Teaching Game Design

Column — by two time IGF Finalists Vlambeer

[epic_dropcap style=”dark_ball”]I[/epic_dropcap]mitating another game allows people to learn someone else’s rule set. That can be useful to establish a sort of game-rhetoric, which is a good way of learning and understanding how other people achieve their design and gameplay. Imitation, sadly, does not lead to good games. All parts of a rule set have been designed for specific problems within that specific design. By using the solutions from another design, a designer is ignoring an endless amount of more fitting and interesting possibilities. Ignoring those possibilities is one of the reasons so many games in the stores look so alike.

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Feeling is an abstract given, that should be applied in a concrete way.                     

On the other hand, this abundant ‘cut & paste’ mentality also means it’s easy to achieve innovation in games. By changing something minor in an existing design, a game quickly seems innovative. Every year, the indie scene uses this to produce thousands of monstrosities with original game design. So, analyzing game design obviously doesn’t lead to good nor interesting games. These kinds of design are solely based on imitation or avoiding imitating too closely.

The importance of  ‘feeling’ in games is the thing that analyzing design doesn’t take into account. Feeling is an abstract given, that should be applied in a concrete way.

A designer recently told us that early in his career, a client wasn’t happy with the way a certain gun ‘played’. The designer added a bit of bass to the sound effect and told the client the gameplay had been fixed. That weapon is still being fired by many around the world. The designer now works as a senior designer on Mass Effect 3.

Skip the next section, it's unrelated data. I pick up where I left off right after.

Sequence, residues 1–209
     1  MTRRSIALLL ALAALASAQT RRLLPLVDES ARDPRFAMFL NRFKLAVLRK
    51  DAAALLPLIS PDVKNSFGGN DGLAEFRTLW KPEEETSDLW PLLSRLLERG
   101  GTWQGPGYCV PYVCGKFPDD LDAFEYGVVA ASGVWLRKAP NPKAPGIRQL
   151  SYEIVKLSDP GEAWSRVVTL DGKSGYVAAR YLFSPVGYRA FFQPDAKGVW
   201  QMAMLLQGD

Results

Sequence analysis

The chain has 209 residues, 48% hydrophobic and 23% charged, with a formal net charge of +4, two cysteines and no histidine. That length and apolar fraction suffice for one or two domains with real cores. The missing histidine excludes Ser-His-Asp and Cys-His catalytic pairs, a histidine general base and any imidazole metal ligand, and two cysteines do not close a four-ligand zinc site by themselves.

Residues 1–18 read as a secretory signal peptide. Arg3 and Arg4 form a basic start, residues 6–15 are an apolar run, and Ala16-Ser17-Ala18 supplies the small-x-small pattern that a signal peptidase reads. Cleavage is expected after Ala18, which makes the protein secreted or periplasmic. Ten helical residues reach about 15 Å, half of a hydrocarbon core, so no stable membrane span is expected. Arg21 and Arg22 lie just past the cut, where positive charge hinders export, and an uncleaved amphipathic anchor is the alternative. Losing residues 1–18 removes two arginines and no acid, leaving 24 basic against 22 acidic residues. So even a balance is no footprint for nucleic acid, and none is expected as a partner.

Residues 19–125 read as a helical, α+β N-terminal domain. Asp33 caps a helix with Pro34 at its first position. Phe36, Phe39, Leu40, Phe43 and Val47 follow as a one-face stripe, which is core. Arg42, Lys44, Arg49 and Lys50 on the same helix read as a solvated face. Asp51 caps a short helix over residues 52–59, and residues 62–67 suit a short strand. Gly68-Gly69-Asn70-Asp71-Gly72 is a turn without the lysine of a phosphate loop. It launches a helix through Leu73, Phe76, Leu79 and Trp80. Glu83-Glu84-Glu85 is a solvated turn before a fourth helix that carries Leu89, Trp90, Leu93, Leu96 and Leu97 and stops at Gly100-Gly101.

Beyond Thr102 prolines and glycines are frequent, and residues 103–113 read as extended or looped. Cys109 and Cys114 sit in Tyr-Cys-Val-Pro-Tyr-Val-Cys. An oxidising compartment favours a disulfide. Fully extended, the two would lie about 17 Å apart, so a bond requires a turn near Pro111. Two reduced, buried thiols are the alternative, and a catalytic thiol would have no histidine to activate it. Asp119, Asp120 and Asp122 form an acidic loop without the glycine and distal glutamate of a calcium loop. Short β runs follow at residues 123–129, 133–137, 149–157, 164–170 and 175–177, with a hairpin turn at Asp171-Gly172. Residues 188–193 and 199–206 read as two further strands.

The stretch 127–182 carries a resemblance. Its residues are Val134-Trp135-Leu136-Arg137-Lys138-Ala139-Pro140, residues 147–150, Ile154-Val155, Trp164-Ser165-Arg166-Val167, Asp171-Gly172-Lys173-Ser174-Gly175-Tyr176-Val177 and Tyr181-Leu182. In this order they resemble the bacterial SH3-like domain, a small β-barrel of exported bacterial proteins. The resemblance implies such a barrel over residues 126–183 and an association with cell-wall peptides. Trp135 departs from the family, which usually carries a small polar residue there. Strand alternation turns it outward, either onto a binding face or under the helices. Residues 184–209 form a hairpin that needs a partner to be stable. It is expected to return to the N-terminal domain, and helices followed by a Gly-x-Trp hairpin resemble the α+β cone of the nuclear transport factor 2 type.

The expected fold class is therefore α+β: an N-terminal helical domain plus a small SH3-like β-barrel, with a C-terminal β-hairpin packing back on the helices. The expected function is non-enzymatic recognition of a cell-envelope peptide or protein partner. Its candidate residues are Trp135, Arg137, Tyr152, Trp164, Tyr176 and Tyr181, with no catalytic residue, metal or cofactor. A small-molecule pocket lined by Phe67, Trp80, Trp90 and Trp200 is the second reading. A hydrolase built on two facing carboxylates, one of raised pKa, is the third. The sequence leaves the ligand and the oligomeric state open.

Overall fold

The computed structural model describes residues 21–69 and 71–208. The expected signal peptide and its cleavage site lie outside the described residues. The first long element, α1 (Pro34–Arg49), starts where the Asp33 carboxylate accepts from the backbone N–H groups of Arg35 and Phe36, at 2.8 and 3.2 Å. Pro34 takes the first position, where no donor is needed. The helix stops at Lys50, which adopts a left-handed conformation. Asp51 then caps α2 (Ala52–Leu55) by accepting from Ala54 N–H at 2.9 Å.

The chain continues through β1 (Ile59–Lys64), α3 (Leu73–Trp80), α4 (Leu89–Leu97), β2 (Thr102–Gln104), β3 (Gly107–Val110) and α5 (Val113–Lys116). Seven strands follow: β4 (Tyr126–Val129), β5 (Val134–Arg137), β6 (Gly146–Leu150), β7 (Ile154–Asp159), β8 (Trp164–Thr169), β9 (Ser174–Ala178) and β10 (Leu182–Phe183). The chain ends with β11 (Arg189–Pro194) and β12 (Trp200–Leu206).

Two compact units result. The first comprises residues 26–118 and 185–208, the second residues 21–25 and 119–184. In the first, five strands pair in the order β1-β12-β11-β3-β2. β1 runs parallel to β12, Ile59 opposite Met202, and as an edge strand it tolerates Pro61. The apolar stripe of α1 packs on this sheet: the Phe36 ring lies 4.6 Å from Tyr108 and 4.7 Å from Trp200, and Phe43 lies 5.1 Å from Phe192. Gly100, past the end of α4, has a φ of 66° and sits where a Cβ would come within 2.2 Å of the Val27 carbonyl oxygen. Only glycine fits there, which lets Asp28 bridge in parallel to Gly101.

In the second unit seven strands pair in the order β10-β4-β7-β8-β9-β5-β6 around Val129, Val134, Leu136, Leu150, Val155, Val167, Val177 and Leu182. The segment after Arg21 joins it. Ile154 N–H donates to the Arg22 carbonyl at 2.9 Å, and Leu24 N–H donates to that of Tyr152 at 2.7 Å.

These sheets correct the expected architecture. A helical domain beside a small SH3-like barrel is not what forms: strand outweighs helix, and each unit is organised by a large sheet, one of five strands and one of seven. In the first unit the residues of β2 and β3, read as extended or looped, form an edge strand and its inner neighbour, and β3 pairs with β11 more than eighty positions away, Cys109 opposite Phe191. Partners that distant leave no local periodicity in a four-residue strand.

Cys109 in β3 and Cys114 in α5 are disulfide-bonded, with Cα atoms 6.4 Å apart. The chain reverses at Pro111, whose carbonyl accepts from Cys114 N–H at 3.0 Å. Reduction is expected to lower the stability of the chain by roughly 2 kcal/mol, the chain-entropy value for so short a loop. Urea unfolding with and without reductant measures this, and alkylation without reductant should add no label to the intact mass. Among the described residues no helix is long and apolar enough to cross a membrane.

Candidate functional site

Super Crate Box wasn’t successful because the rule set resulted in tight, intense gameplay. It was a success because of the enormous amount of detail that helps players process their actions.

This is what happens when you fire the shotgun: a few projectiles are launched and damage enemies. More importantly, however, is that what the player doesn’t necessarily notice consciously – the things the player feels: your character recoils two pixels, a loud shooting noise plays, severe screenshake and as soon as you’re able to fire again, the round is ejected from the shotgun with a soft click. Enemies that you hit turn red for a single frame and if they take enough damage, they fly backwards in an elegant arc. You could say Super Crate Box has good gameplay because shooting the shotgun feels nice.

“Your design is nice, but the game doesn’t play. Next time, make your explosions a lot bigger and add a bit of screen shake.” That’s how you teach people how to design gameplay. •

Vlambeer is a Dutch indie game studio made up of Rami Ismail and Jan Willem Nijman, bringing back arcade games. Two time IGF Finalist for Super Crate Box and Ridiculous Fishing.

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